first-order reaction


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first-·or·der re·ac·tion

a reaction in which the rate is proportional to the concentration of the single substance undergoing change; radioactive decay is a first-order process, defined by the equation dN/dt = kN, where N is the number of atoms subject to decay (reaction), t is time, and k is the first-order decay (reaction) constant, that is, the fraction of all atoms decaying per unit of time.
See also: decay constant, order.

first-order reaction

a reaction in which the rate of reaction is directly proportional to the concentration of one of the reactants, either product or substrate.
References in periodicals archive ?
0]) shows a linear relation to the reaction time for three composite membranes, indicating that the reaction is in accordance with first-order reaction kinetics.
2]) vs 1/Tm depicted in Figure 6 shows that the reaction of oil shale pyrolysis can be described by a first-order reaction model in the studied temperature range.
This makes it possible to apply the first-order reaction rate model used in peroxide crosslinking simulations to rubber curing.
For a first-order reaction, the mean residence time is
Kinetic data for charcoal can only be fitted to a single first-order reaction, and all sorbed Ag can be desorbed at t = [infinity].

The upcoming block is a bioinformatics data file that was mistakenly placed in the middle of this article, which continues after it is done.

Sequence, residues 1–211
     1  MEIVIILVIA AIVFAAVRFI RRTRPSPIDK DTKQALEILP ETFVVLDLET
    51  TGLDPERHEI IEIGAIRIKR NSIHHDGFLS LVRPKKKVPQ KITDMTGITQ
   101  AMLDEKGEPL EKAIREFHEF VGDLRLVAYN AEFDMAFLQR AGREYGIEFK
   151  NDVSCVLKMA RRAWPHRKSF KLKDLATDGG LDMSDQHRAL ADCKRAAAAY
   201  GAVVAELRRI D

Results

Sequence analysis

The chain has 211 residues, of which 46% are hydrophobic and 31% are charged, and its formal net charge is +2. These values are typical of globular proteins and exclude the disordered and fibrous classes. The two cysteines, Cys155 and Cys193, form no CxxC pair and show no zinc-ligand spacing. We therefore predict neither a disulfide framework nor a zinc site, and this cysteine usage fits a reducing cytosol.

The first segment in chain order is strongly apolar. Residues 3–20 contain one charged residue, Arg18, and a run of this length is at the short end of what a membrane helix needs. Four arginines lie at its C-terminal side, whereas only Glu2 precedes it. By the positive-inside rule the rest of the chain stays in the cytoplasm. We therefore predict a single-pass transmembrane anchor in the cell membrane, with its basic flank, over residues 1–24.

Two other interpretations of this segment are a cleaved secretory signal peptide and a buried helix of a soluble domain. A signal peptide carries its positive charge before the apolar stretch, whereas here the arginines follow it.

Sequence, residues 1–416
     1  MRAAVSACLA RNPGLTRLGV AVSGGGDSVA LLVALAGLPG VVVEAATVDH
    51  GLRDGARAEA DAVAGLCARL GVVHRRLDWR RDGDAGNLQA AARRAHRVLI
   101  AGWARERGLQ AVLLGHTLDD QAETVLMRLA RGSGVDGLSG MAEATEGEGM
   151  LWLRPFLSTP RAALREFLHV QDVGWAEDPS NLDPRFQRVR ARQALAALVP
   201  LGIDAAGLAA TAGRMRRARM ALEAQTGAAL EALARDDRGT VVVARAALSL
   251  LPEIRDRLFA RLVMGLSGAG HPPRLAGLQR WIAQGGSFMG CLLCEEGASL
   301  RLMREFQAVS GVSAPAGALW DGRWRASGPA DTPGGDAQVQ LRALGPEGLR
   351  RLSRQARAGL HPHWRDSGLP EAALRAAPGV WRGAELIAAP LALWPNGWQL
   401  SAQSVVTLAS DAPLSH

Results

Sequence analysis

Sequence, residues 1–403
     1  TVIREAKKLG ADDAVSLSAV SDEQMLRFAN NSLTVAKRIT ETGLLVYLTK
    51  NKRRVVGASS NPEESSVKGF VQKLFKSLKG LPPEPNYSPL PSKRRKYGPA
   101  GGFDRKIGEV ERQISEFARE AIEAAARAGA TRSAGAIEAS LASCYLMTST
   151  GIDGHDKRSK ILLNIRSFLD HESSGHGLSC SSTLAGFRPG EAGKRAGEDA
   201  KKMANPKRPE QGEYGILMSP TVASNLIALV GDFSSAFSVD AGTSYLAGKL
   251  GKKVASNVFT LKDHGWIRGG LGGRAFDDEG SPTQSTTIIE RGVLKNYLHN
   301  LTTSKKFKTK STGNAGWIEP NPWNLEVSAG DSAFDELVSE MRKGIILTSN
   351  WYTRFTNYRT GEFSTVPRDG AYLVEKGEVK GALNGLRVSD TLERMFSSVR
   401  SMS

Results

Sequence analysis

The results of non-isothermal experiments showed that oil formation process can be quite accurately represented as a first-order reaction.
1]) has been estimated from first-order reaction kinetics using the slope of straight line, indicating a high catalytic reduction rate which can also be comparable to some research results [23, 28].
Fortunately, the decomposition of many substances can be predicted by relatively simple zero-and first-order reaction rates which were introduced in Chapter 12.
This is a first-order reaction, which is very predictable for any specific peroxide.
Turkish oil shale was studied by TGA at non-isothermal conditions under argon and first-order reaction kinetics was found to fit kinetic data [10].

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